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tables for two: edys grocer

During the first few years of his career, the chef Edouard (Edy) Massih, who started a Brooklyn-based catering company when he was twenty-two, got into the habit of lying about his age. If anyone asked, he was thirty. “New York has a really bad problem with ageism,” he told me the other day. “Nobody takes you seriously if you’re in your early twenties. You’re just another millennial who doesn’t know what they’re doing.” Plenty of clients who hired him to pull off lavish events, including weddings and bat mitzvahs, were none the wiser, and none the worse for it; their glowing recommendations were how he built a booming business and became a darling of the fashion world, completely by word of mouth. But the person who gave him perhaps his biggest…

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comment: real news

Presidents have always complained about the press. At awards ceremonies and journalism-school conferences, Thomas Jefferson is often remembered for his principled support: in 1787, he wrote to the Virginia statesman Edward Carrington, “Were it left to me to decide whether we should have a government without newspapers, or newspapers without a government, I should not hesitate to prefer the latter.” Yet, by 1814, having endured the Presidency, Jefferson was not quite as high-minded, whining by post to a former congressman about “the putrid state” of newspapers and “the vulgarity, & mendacious spirit of those who write for them.” You could hardly blame him. How would you like to read that one of John Adams’s surrogates has branded you a “mean-spirited, low-lived fellow”? No President escapes scrutiny or invective. In 1864, Harper’s…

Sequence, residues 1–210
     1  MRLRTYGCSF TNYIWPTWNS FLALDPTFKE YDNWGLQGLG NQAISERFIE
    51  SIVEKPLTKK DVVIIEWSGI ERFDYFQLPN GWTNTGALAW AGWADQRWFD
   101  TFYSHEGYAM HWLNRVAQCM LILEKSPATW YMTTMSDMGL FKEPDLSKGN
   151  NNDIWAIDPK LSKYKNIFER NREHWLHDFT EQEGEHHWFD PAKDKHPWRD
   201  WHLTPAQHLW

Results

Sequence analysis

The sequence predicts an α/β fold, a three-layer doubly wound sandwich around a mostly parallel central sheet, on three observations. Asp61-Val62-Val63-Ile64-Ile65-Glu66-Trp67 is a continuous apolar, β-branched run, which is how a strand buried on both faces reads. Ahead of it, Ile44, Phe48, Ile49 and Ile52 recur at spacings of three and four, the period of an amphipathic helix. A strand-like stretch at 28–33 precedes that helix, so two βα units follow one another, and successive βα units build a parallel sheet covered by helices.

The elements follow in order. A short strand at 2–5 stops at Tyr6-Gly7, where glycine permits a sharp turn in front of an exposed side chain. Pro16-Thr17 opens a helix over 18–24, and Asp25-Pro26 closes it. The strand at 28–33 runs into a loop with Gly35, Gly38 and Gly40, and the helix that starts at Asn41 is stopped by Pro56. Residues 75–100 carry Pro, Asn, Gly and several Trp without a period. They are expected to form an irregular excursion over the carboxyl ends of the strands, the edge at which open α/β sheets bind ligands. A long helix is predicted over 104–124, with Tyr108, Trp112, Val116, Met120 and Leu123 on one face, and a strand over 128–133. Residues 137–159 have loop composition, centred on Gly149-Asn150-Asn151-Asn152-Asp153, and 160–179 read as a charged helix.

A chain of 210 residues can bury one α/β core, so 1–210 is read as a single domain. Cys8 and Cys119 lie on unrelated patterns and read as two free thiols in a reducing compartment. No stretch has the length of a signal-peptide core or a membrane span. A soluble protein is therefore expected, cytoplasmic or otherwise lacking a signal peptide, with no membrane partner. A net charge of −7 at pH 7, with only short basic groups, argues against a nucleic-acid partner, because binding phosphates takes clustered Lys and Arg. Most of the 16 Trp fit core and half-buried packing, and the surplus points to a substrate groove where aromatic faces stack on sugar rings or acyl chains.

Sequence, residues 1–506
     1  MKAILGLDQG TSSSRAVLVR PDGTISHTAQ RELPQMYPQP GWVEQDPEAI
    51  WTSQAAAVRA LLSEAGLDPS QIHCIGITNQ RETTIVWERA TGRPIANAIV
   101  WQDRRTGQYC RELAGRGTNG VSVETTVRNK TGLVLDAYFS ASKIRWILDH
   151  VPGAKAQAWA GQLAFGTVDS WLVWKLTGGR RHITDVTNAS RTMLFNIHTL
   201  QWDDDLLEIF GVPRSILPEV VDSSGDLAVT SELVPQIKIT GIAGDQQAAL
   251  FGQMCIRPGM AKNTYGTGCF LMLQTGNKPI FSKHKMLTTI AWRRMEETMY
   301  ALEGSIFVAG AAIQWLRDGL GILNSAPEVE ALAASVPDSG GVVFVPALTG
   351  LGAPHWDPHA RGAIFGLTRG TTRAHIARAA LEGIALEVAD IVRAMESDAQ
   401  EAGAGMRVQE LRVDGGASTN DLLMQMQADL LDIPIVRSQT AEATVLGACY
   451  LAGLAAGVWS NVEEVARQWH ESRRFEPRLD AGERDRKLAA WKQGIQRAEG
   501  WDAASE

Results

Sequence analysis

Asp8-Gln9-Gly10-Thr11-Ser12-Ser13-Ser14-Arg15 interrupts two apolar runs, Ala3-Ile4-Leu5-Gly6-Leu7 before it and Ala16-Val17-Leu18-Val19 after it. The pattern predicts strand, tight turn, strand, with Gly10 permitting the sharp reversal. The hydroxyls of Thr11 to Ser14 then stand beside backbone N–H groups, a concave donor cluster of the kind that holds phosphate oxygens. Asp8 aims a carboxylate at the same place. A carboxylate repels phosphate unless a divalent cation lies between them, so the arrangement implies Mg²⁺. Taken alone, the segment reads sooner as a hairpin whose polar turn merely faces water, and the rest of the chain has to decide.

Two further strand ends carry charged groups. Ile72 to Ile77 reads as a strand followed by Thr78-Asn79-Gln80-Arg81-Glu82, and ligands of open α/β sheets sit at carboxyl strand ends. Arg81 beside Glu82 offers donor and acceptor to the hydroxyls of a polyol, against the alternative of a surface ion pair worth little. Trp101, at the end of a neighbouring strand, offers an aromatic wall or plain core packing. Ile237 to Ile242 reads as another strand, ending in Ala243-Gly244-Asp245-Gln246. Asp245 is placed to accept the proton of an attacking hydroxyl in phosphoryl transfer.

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dept. of values: whats a life worth?

During a recent Zoom lecture, Terry Iverson, an economist at Colorado State University, posed a question to the students in his introductory economics course. It was one that Americans have been mulling all year. “What’s the value of a life?” he asked. “And how do we compare lives saved with the value of lost economic activity?” For professors, particularly those in the social sciences, COVID-19 has provided a real-time trove of case studies on which to center syllabi. Iverson began developing his course, The Economics of COVID-19, in April. He specializes in climate change, and as lockdowns were starting he began to draw connections between ecological disaster and global pandemic. In the lecture, he told his students, “If we think about COVID, we might want to add up the costs and…